Persistent Link:
http://hdl.handle.net/10150/197472
Title:
Planting Date Effects on Soil Temperature, Crop Growth, and Yield of Upland Cotton, 1999
Author:
Silvertooth, J. C.; Norton, E. R.
Issue Date:
2000
Publisher:
College of Agriculture, University of Arizona (Tucson, AZ)
Journal:
Cotton: A College of Agriculture Report
Abstract:
A field study was conducted in 1999 at the University of Arizona Marana Agricultural Center (1,974 ft. elevation) to evaluate the effects of three planting dates on yield and crop development for eight Upland varieties. Soil temperature effects associated with date of planting and method of planting (dry or wet planting) were also evaluated in relation to soil temperature at the depth of seed placement. Planting dates ranged from 28 April to 20 May and 821-1157 heat units accumulated since Jan 1 (HU/Jan 1, 86/55o F thresholds). Lint yields generally declined with later dates of planting for all varieties. Soil temperatures associated with the dry planting method, which requires a water-up irrigation, experienced much wider diurnal variations, had slightly lower mean temperatures, and were more strongly coupled to ambient air conditions. Thus, dry planting methods impose more potential risk in terms of seedling stress. Overall, crop growth and development patterns or yield results were not significantly different between the planting methods. Either method can provide satisfactory results if managed appropriately.
Keywords:
Agriculture -- Arizona; Cotton -- Arizona; Crop management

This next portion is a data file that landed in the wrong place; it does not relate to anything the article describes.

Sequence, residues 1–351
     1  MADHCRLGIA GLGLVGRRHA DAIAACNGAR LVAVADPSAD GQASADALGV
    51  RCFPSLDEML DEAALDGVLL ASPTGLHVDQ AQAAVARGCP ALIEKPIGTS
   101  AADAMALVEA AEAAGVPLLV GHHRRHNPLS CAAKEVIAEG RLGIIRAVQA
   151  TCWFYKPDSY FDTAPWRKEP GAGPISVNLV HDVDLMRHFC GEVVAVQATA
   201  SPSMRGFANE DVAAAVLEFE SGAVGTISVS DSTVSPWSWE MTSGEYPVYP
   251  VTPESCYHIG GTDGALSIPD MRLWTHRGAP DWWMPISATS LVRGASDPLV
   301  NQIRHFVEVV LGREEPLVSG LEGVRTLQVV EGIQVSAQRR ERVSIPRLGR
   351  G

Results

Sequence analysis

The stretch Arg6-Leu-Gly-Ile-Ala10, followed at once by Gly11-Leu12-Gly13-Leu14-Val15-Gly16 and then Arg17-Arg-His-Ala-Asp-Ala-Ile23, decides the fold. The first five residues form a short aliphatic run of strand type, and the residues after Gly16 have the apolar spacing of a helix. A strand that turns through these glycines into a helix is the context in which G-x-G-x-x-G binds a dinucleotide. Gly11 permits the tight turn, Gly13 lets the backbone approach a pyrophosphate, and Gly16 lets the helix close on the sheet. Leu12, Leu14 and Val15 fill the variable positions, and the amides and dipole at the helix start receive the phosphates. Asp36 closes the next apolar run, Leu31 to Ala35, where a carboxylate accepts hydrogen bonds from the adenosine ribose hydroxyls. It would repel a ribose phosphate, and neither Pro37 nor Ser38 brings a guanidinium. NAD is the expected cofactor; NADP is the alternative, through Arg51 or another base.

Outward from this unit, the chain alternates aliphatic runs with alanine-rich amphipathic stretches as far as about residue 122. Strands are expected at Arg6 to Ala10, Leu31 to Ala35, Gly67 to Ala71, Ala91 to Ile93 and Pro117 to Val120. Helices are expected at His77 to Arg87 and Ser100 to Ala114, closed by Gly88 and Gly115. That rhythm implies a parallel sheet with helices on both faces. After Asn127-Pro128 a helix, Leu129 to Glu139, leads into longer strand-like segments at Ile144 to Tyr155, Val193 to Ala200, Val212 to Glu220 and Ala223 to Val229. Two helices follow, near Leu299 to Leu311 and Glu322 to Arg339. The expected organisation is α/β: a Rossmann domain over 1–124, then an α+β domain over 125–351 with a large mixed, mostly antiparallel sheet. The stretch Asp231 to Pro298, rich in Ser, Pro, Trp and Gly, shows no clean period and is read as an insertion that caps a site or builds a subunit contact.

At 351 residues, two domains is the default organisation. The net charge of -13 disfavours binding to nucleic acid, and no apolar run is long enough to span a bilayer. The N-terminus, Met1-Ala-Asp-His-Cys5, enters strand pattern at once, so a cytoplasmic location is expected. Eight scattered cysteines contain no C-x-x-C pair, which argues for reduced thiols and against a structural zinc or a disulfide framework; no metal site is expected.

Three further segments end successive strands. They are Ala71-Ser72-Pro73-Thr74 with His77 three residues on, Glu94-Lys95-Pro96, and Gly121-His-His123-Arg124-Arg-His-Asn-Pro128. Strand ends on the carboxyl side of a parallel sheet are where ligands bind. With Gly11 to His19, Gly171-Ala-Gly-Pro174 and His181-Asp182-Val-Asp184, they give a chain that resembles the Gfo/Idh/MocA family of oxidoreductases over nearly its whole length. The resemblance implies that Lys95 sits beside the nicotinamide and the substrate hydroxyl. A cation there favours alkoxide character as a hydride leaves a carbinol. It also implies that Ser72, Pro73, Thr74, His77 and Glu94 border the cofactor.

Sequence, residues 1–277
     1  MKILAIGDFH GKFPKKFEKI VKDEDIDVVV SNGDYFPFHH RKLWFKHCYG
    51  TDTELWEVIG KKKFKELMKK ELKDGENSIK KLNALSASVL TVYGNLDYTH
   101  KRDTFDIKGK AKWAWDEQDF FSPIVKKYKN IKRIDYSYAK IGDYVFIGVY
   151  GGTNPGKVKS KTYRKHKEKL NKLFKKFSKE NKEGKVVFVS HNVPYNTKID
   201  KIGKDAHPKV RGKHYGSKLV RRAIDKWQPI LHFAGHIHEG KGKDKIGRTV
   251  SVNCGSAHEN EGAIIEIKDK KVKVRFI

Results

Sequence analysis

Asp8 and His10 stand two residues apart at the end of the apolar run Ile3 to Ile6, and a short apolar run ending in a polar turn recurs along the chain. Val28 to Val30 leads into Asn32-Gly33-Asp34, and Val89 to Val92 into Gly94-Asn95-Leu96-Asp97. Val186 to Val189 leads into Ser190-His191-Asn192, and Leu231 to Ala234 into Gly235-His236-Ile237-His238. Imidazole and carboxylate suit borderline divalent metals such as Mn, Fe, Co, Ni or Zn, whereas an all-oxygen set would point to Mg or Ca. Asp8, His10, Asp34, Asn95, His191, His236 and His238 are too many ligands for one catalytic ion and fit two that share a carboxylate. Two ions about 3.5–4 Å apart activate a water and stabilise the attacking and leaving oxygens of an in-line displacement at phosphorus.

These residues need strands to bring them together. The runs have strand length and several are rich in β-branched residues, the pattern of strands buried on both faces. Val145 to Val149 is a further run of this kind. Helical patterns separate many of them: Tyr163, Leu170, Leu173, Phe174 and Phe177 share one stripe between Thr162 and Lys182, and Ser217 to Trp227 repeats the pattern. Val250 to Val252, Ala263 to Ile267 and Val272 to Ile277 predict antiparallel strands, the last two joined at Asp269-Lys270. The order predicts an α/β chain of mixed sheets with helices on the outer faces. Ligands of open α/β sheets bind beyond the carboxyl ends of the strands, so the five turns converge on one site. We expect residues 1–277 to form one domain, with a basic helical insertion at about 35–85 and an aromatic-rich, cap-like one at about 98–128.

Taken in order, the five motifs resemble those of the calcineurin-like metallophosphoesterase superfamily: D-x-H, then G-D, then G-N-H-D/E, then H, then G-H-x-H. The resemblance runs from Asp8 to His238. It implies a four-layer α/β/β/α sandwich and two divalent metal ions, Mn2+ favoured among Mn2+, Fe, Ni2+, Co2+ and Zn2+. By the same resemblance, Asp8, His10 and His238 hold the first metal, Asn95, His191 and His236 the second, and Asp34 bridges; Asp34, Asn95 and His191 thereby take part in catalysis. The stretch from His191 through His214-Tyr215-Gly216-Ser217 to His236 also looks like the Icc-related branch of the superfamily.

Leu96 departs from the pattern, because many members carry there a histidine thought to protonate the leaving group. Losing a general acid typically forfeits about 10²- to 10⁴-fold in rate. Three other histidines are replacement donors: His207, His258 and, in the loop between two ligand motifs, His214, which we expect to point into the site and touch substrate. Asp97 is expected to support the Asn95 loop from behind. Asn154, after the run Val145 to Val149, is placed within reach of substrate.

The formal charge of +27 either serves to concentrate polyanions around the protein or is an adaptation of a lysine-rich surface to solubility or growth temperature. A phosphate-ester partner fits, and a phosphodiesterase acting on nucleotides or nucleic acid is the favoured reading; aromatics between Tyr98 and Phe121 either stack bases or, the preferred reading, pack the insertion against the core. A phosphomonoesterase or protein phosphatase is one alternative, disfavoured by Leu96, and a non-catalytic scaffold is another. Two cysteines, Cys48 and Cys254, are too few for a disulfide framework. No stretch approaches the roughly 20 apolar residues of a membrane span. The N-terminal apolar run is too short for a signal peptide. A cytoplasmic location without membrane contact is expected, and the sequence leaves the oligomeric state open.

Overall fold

Series/Report no.:
AZ1170

Full metadata record

DC FieldValue Language
dc.titlePlanting Date Effects on Soil Temperature, Crop Growth, and Yield of Upland Cotton, 1999en_US
dc.contributor.authorSilvertooth, J. C.en_US
dc.contributor.authorNorton, E. R.en_US
dc.date.issued2000-
dc.publisherCollege of Agriculture, University of Arizona (Tucson, AZ)en_US
dc.identifier.journalCotton: A College of Agriculture Reporten_US
dc.description.abstractA field study was conducted in 1999 at the University of Arizona Marana Agricultural Center (1,974 ft. elevation) to evaluate the effects of three planting dates on yield and crop development for eight Upland varieties. Soil temperature effects associated with date of planting and method of planting (dry or wet planting) were also evaluated in relation to soil temperature at the depth of seed placement. Planting dates ranged from 28 April to 20 May and 821-1157 heat units accumulated since Jan 1 (HU/Jan 1, 86/55o F thresholds). Lint yields generally declined with later dates of planting for all varieties. Soil temperatures associated with the dry planting method, which requires a water-up irrigation, experienced much wider diurnal variations, had slightly lower mean temperatures, and were more strongly coupled to ambient air conditions. Thus, dry planting methods impose more potential risk in terms of seedling stress. Overall, crop growth and development patterns or yield results were not significantly different between the planting methods. Either method can provide satisfactory results if managed appropriately.en_US
dc.subjectAgriculture -- Arizonaen_US
dc.subjectCotton -- Arizonaen_US
dc.subjectCrop managementen_US
dc.identifier.urihttp://hdl.handle.net/10150/197472-
dc.relation.ispartofseriesAZ1170en_US
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